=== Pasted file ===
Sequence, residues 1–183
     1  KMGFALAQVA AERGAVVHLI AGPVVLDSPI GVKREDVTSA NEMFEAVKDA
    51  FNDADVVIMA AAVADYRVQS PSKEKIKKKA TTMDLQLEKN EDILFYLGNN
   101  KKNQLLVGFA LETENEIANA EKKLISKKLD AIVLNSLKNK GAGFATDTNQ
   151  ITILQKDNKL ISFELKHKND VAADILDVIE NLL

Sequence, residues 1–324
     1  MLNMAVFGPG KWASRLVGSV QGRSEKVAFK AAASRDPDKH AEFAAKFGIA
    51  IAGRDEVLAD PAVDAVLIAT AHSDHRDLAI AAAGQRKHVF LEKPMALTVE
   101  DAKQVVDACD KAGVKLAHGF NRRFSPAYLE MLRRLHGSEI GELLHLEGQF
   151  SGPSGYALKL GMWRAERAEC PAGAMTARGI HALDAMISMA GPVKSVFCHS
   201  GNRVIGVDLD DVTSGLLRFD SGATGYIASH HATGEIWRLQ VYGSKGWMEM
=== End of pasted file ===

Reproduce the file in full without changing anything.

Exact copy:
Sequence, residues 1–183
     1  KMGFALAQVA AERGAVVHLI AGPVVLDSPI GVKREDVTSA NEMFEAVKDA
    51  FNDADVVIMA AAVADYRVQS PSKEKIKKKA TTMDLQLEKN EDILFYLGNN
   101  KKNQLLVGFA LETENEIANA EKKLISKKLD AIVLNSLKNK GAGFATDTNQ
   151  ITILQKDNKL ISFELKHKND VAADILDVIE NLL

Sequence, residues 1–324
     1  MLNMAVFGPG KWASRLVGSV QGRSEKVAFK AAASRDPDKH AEFAAKFGIA
    51  IAGRDEVLAD PAVDAVLIAT AHSDHRDLAI AAAGQRKHVF LEKPMALTVE
   101  DAKQVVDACD KAGVKLAHGF NRRFSPAYLE MLRRLHGSEI GELLHLEGQF
   151  SGPSGYALKL GMWRAERAEC PAGAMTARGI HALDAMISMA GPVKSVFCHS
   201  GNRVIGVDLD DVTSGLLRFD SGATGYIASH HATGEIWRLQ VYGSKGWMEM